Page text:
Hypotonic Cerebral Palsy
“Hypotonic” is not a name usually used for cerebral palsy. Most doctors use the term “ataxic” instead. Hypertonic means low muscle tone. Statistics show hypotonic cerebral palsy only account for 10% of cerebral palsy sufferers. It is the rarest form of the disorder. To understand hypotonic cerebral palsy it is helpful to have knowledge about the disorder as a whole.
Statistics show half a million Americans are affected by cerebral palsy. By definition, hypotonic cerebral palsy refers to the brain’s two halves (cerebral), to any disorder involving impairment in control of bodily movement (palsy) and low muscle tone (hypotonic). Cerebral palsy is a group of disorders that sometimes affects a person’s intellectual ability as well as the victim’s ability to move and to maintain balance and posture.
Hypotonic cerebral palsy sufferers might seem floppy or unsteady when they walk. Hypotonic cerebral palsy sufferers often have difficulty in maintaining posture while sitting or standing. Hypotonic cerebral palsy is incurable. The effects of this condition are more pronounced in some patients than in others. However, hypotonic cerebral palsy does not, generally, get worse over time.
There are several main causes of hypotonic cerebral palsy: acquired hypotonic cerebral palsy from head injury or asphyxiation, congenital hypotonic cerebral palsy from infections during pregnancy, jaundice, or lack of oxygen to the brain. Cerebral palsy generally manifests itself in several apparent manners.
Types of Cerebral Palsy
- Spastic – 70% of people with cerebral palsy suffer from stiff and weak muscles
- Ataxic or hypotonic – 10% of people with cerebral palsy suffer from poor coordination and involuntary muscular movement
- Athetoid – 20% of people suffer from slow moving muscles which move involuntarily
- Mixed – Often times, unfortunately, victims suffer from two of these forms of cerebral palsy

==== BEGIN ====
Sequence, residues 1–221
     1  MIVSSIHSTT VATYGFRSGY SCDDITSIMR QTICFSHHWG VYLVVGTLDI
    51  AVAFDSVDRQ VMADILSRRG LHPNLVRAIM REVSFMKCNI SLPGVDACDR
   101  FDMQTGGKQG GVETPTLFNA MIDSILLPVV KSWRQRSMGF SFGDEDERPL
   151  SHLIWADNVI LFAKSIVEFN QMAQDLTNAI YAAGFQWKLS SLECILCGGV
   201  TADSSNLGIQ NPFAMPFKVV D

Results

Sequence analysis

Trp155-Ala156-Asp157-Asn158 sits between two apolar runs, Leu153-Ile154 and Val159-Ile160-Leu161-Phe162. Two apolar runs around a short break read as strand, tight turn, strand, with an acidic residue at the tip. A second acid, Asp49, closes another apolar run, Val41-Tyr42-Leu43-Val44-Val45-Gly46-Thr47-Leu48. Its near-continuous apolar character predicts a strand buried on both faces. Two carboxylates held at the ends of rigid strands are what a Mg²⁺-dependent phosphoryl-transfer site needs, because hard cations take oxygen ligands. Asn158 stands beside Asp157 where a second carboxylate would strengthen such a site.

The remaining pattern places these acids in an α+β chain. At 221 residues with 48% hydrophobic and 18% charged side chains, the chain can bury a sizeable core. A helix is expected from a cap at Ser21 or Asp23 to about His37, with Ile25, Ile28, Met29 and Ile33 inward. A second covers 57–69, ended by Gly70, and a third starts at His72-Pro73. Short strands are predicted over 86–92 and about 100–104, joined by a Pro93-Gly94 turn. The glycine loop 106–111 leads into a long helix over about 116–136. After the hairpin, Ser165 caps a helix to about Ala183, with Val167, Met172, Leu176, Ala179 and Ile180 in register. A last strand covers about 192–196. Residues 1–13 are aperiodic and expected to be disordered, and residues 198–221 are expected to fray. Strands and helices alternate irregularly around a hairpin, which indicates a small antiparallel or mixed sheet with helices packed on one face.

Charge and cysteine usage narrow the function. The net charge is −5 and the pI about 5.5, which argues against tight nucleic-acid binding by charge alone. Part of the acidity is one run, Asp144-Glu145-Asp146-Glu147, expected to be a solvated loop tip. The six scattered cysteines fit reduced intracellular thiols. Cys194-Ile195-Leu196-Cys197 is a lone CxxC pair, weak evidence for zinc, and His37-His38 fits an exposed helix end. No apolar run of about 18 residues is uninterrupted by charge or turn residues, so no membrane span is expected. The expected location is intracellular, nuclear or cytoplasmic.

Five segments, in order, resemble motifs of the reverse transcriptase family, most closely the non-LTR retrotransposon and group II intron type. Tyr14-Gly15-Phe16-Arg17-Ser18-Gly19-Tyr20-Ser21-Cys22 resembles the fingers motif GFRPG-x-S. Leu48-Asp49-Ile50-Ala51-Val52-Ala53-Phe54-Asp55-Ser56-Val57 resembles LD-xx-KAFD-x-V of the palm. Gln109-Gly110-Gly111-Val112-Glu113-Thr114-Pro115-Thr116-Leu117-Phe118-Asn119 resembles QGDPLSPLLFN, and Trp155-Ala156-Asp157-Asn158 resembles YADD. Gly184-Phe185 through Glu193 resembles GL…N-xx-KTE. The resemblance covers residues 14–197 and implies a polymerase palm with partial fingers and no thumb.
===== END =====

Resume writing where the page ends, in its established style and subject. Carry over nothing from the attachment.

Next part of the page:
Causes of Hypotonic Cerebral Palsy
- Acquired Hypotonic Cerebral Palsy – This type of cerebral palsy occurs when there is damage to the brain after the time of birth. This damage often occurs during the first months or years of life. Brain injury, bacterial meningitis, viral encephalitis, or head injury are some main causes of acquired cerebral palsy.
- Congenital Hypotonic Cerebral Palsy – This type of cerebral palsy occurs when there is an incident which takes place before birth or near birth which damage the motor centers of the brain. Most common causes of congenital cerebral palsy include:
- Infections during Pregnancy – A developing fetus can be infected with German measles or rubella which can damage the developing nervous system resulting in hypotonic cerebral palsy. Other infections like cytomeqalovirus and toxoplasmosis can also cause infections which may lead to hypotonic cerebral palsy.
- Jaundice – Jaundice is a condition in which excessive amounts of bilirubin dissolve the layer of fat which is normally under the skin causing skin to appear yellow. Severe jaundice can damage the brain and can ultimately result in hypotonic cerebral palsy.
- Severe Lack of Oxygen – If the brain is denied oxygen for an extended period of time during labor or delivery, it may be damaged and result in hypotonic cerebral palsy. Lack of oxygen accounts for sixty percent of people suffering from congenital hypotonic cerebral palsy.
- Other Causes – Other more general, possible causes of hypotonic cerebral palsy include: breech birth, complicated delivery or labor, low birth weight, nervous system defects, maternal bleeding, maternal hyperthyroidism and doctor error.
Doctors diagnose hypotonic cerebral palsy by testing motor skills and reflexes, looking into medical history, and employing a variety of specialized tests. Most patients are diagnosed before the age of three. Although its symptoms may change over time, hypotonic cerebral palsy by definition is not progressive, so if a patient shows increased impairment, the problem may be something other than hypotonic cerebral palsy.